These elements are used to enhance the central theme of the piece: revenge. I will argue that Poe uses a number of the Gothic elements to craft an intense dark tale of revenge: an unreliable narrator, madness, darkness, a haunted setting, and evil/devil
It encompasses all aspects that are vital to Gothicism and executes all perfectly. Stoker adds the element of darkness which clearly intensifies the foreboding ambience and he reflects it on every aspect of the book. The theme of superstition and the supernatural that centres on the villain creates an air of ambiguity and uncertainty concerning Dracula. This uncertainty causes a fear in the reader which enhances the gothic genre of the novel. Finally, the same uncertainty that clouds the supernatural elements of the novel drift into the characters understanding of what is real and what is not.
Two popular fictions that follow the themes and conventions of gothic fiction are Edgar Allen Poe’s “The Fall of the House of Usher” and Guy de Maupassant’s “The Horla”. Both are short stories that embody most of the conventions that can be associated with stereotypical gothic literary fiction. Both literary works use the deterioration of the human mind and the supernatural phenomenon throughout the story, a commonly used gothic convention. Although both stories are inherently different in aspects like narration, they are both successful in demonstrating the descent of the human intellect from obsessing over the unknown which only leads to self-destruction. Fear is a guiding force in both the short stories and the fixation the main characters with it only leads to their demise.
On the other hand, terror is the intense fear that one feels in anticipation of something happening. Moreover, terror is an emotion felt when one is in great and immediate fear. In Edgar Allen Poe’s, “The Tell-Tale Heart”, “The Raven”, “Annabel Lee”, and “Lenore”, he uses gothic literature to create horror and terror. First, Poe crafts his words masterfully in “The Tell-Tale Heart” to provide more intense horror and terror. The narrator tells the reader how he killed an old man with a pale blue eye.
Along with omens, supernatural events also appear in a Gothic novel to add mystery and include: "ghosts, giants, or inanimate objects coming to life" (Harris). The supernatural events continue to add the atmosphere of suspense and even horror to the Gothic novel. In a Gothic novel, a "tyrannical male" usually threatens a weak female, adding an elemen... ... middle of paper ... ...n and fulfills the last criteria in presenting the House of Seven Gables as a Gothic novel. The use of the elements of mystery, suspense, and horror in the House of Seven Gables creates the atmosphere common to a Gothic novel. The use of the supernatural and other mysterious events, in the House of Seven Gables, also compose the elements present in Gothic Literature.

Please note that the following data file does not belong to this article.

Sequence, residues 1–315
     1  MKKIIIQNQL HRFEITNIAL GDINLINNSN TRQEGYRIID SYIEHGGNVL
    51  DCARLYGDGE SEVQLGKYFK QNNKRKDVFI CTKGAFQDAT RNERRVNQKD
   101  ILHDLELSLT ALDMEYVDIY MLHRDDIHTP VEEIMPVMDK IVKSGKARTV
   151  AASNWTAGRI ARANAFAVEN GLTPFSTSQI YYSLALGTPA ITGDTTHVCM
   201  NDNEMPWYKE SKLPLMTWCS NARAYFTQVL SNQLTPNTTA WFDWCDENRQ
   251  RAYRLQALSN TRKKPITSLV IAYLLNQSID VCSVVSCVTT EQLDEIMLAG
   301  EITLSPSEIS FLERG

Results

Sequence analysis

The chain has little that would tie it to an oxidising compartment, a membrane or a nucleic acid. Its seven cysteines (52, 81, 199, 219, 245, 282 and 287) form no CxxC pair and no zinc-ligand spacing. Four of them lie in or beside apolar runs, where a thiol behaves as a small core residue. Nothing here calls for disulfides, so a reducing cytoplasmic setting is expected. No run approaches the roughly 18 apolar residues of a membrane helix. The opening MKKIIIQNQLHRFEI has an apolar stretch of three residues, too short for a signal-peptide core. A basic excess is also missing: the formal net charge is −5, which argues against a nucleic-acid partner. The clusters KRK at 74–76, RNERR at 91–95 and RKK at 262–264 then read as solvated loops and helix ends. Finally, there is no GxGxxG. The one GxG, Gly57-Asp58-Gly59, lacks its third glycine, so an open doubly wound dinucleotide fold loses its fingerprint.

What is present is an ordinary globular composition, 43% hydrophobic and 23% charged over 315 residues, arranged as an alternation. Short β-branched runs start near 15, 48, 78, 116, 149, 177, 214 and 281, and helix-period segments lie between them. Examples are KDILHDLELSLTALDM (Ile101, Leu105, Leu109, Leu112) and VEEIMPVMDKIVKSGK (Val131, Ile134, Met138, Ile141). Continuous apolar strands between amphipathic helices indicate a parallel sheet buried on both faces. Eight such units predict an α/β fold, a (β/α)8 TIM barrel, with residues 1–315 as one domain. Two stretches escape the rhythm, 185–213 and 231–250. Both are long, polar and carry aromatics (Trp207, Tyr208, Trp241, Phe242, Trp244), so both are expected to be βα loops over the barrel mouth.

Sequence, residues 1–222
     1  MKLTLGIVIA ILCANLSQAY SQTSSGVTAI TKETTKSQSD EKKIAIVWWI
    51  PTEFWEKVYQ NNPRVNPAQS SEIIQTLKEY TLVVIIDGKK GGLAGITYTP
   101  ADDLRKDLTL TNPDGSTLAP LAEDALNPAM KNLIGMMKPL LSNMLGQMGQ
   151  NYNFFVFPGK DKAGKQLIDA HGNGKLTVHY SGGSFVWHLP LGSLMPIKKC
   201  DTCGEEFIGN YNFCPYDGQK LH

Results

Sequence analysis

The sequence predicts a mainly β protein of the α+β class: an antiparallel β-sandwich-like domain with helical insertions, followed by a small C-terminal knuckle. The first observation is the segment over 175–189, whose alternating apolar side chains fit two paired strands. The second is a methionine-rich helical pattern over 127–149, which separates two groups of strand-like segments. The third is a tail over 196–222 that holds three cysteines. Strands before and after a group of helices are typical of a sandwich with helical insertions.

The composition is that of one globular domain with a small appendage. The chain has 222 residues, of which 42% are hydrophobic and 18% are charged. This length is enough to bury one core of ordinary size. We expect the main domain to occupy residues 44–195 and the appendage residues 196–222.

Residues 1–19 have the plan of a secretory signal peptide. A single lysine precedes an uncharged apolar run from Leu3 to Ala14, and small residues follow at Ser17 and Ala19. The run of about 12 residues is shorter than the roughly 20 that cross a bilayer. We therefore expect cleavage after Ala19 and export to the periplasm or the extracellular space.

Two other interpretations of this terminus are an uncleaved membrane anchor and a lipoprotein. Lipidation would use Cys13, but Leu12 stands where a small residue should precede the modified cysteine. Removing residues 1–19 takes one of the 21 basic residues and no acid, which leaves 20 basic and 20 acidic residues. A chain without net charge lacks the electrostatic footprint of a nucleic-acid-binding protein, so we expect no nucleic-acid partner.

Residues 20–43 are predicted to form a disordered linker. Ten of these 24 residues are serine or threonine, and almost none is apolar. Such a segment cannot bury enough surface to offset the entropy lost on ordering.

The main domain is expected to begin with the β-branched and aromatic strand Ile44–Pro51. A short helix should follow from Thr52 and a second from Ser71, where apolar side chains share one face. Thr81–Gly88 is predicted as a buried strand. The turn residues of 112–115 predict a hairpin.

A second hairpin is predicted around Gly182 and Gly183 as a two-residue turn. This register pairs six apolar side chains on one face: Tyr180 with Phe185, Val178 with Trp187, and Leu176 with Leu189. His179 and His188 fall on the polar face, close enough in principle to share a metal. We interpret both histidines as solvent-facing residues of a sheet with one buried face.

Such descriptive words as shroud, grave-worms and corpse all create a sense of reality. They are harsh and produce internal horror. In all I think that Frankenstein can be classed as classically gothic novel. It contains continuous references to typically gothic features. Such scenes as the creation of the creature and the frequently occurring deaths all help to analyse the novel.
Gothic novels have many different characteristics: they evoke terror both physical and psychological, they have character that keep themselves isolated in time or space from contemporary l... ... middle of paper ... ... Shelley’s Frankenstein truly displays the true essence of what a Gothic novel should represent through the many different characteristics of a Gothic novel. Mary Shelley takes these few basic characteristic and transforms them into a true representation of a Gothic novel. The transformations of these basic Gothic characteristics are what allowed Mary Shelley to create her outstanding and prominent Gothic novel, Frankenstein. Works Cited “Gothic Novels.” The World Book Encyclopedia. Ed.
How Writers of 19th Century Stories Create Tension and Suspense The writers in 19th century stories create tension and suspense through the use of gothic horror. This style of writing is designed to frighten and panic and cause dread and alarm. It innovates our hidden worst fears often in a terrifying, shocking finale, while captivating and entertaining us at the same time in a cathartic experience. Horrors effectively centre on the dark side of life, the forbidden, and the strange and alarming events. It deals with the audience’s most primal nature and its fears.
And that he has a legitimate reason behind his own crazy reasoning. In the first paragraph of page 41 of the story he says “True! Nervous very very dreadfully nervous I had been and am; but why will you say that i am mad?” then later he goes on to say “I heard many things in hell. How then am I mad?” The narrator is the perfect example of a character from a Gothic novel. He is extremely irrational and believe he has a right or even a duty to kill the old man and to put a stop to his
I’ll Have My Blood Low Fat and Carb Free, Please. Gothic imagery and themes include castles, coffins, monsters and strange lands and pose the background of the classic Gothic novel. The Gothic element is synonymous with the horror and uncanny- a feeling rather than form, in which transgression is the central topic (Wisker 7). The vampire is a figure that transgresses society’s limits to form the central dynamic of the Gothic. “We enjoy seeing the limit transgressed- it horrifies us and reinforces our sense of boundaries and normalcy” (Halberstam 13).